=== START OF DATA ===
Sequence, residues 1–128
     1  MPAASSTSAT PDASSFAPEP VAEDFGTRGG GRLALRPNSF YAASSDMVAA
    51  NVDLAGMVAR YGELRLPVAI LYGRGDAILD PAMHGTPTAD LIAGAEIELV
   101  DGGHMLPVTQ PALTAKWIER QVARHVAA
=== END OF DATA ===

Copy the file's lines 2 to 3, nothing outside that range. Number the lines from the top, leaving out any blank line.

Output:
     1  MPAASSTSAT PDASSFAPEP VAEDFGTRGG GRLALRPNSF YAASSDMVAA
    51  NVDLAGMVAR YGELRLPVAI LYGRGDAILD PAMHGTPTAD LIAGAEIELV